I think I've found a good way to cool the whole car during the summer. A 12v solar powered fan placed in the rear bumper above the license plate.
The solar powered fan is on ebay. The solar panel could be placed anywhere. You would need the two peice system.
The fan would be placed in the rear bumper. There is a nice huge opening above the license plate that would be perfect for the air exhaust. Ideally you would need to cut a small vent in rear storage bin. The lid would also need to be left open. Though I'm sure air would still be sucked out if the lid was closed because there is plenty of gaps around the battery compartment.
Second ideal for fan would be to insert the fan into the cars vent system. This would allow use of the cars vent just below the windsheild.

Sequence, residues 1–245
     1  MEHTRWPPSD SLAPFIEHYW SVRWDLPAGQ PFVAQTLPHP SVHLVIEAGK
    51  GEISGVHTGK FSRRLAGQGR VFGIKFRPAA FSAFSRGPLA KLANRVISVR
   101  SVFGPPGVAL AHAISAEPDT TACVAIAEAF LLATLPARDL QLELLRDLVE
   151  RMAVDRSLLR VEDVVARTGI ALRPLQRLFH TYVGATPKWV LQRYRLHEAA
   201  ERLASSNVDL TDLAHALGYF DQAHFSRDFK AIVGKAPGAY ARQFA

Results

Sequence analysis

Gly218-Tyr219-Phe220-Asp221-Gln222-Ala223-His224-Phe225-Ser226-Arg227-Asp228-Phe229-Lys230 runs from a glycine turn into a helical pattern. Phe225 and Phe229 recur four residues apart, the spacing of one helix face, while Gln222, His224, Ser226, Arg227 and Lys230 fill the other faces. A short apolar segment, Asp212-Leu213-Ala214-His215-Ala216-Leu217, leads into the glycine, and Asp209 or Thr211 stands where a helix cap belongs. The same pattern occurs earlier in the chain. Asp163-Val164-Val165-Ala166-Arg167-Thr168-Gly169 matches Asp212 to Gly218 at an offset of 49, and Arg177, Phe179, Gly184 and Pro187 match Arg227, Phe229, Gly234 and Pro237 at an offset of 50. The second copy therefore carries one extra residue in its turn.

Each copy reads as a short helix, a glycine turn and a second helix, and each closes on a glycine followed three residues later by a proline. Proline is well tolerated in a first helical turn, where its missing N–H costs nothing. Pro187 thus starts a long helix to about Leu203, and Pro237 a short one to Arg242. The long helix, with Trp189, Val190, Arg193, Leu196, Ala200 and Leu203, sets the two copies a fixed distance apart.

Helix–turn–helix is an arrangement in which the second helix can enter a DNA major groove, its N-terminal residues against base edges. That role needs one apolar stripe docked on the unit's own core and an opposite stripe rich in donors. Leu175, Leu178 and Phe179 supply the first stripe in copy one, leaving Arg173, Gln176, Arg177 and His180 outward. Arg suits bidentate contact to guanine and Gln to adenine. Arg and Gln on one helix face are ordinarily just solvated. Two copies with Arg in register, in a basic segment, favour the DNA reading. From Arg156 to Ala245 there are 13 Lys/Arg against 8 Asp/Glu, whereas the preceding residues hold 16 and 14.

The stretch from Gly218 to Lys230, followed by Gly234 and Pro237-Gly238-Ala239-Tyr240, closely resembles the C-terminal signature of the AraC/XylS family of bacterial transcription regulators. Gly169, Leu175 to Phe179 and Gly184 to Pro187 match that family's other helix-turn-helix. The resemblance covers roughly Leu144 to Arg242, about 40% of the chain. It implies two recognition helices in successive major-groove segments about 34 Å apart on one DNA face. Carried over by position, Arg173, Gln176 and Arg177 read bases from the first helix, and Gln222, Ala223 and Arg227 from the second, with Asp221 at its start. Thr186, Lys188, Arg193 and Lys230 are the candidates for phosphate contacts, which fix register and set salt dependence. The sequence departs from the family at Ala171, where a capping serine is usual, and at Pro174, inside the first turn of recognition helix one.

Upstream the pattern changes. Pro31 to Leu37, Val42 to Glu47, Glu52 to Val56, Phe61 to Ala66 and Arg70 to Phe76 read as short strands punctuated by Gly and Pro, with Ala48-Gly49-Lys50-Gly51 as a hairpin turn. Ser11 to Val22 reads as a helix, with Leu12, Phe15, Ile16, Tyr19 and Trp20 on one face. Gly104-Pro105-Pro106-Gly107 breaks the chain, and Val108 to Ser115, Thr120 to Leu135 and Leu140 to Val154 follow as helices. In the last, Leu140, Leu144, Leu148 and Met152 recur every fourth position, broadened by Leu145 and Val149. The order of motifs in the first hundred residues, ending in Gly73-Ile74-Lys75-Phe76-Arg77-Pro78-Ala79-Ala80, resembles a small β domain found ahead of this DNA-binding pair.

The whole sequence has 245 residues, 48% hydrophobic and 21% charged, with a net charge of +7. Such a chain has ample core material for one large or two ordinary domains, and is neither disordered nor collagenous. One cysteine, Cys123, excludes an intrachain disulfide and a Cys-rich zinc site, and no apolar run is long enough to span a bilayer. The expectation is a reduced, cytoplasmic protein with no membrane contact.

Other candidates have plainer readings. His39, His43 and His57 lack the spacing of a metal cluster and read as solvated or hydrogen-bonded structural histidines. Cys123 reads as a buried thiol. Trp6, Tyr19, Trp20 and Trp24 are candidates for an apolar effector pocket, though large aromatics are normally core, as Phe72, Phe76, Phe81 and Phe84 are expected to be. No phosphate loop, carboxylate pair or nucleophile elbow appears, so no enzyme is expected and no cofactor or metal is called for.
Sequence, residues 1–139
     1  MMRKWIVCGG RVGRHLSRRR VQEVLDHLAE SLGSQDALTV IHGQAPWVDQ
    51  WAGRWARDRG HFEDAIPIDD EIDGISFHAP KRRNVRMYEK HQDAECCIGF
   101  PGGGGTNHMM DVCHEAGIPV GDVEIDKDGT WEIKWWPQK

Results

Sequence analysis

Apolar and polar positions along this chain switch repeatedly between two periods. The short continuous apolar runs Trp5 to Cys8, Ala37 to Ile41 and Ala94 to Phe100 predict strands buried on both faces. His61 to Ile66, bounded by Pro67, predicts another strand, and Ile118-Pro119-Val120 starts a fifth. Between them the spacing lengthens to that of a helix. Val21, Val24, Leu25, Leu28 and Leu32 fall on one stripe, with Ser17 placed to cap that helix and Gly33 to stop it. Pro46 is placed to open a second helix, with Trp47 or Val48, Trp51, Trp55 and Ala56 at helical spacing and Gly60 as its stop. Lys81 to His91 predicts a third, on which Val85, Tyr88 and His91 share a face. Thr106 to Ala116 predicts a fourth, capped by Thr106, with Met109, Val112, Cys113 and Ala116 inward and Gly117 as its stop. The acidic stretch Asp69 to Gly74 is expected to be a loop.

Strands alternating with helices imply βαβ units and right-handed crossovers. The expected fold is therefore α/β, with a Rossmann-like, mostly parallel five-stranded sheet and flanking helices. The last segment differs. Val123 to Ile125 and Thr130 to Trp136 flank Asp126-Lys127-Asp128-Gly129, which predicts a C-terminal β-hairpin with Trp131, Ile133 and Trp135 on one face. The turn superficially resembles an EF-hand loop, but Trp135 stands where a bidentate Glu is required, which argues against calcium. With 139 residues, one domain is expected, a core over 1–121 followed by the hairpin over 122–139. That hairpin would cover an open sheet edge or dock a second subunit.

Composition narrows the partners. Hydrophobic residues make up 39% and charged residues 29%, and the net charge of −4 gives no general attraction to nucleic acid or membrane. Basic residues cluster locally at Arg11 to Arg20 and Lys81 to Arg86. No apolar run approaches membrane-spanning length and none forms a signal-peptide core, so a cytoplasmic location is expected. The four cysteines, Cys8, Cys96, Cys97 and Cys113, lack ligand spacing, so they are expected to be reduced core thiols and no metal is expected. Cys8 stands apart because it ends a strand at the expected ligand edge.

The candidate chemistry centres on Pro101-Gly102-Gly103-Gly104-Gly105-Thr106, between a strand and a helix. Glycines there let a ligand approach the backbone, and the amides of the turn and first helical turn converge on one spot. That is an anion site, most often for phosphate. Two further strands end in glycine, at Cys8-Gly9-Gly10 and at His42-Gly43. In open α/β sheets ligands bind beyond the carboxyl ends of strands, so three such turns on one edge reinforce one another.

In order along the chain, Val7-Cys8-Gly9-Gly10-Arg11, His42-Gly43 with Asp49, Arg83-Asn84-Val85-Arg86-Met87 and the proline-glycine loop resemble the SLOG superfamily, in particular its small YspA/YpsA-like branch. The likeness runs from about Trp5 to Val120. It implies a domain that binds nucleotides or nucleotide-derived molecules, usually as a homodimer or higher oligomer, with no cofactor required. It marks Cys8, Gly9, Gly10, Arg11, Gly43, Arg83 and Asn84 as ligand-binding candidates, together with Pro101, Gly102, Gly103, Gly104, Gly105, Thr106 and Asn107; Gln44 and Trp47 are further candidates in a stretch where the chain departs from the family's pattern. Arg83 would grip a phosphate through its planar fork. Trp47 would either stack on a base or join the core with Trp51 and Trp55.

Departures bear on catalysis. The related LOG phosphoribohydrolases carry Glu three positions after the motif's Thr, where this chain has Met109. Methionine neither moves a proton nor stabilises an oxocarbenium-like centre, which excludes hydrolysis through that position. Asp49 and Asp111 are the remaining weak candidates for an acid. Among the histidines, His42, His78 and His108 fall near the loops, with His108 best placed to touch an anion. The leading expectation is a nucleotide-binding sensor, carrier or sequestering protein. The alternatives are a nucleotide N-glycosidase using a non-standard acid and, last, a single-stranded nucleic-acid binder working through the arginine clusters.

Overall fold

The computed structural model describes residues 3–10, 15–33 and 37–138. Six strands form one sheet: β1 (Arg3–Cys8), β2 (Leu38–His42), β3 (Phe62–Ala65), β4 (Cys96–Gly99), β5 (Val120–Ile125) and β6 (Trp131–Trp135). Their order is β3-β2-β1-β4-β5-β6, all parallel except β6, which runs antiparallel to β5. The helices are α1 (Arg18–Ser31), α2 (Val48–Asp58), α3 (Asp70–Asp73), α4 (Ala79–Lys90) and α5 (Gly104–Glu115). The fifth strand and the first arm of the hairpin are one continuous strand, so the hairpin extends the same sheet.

Several different sizes of 12v fans can be purchased.
My 2 cents:
The need to monitor the battery temp with heavy MIMA use has led me to install a cheap indoor/outdoor thermometer in the battery pack. Brian has also installed one on his MIMA equipped Insight. It is easy to install once you get the covers off the IMA box. Warning! The screws holding the fan to the metal clips on the plastic shroud can be real tight, and the metal clips will twist and rip out of the plactic , so be sure to hold on to them with some vise grips while removing them. Once the fan is removed, you can reach in and tuck the outdoor temperature probe into the space between the side of one of the subpacks and the plactic holder for the batteries. Some white thermal transfer grease to improve the thermal transfer, and you will know how hot the batteries are. The temperature probe wires can be routed next to the reinstalled fan, and be careful routing them into the front of the car.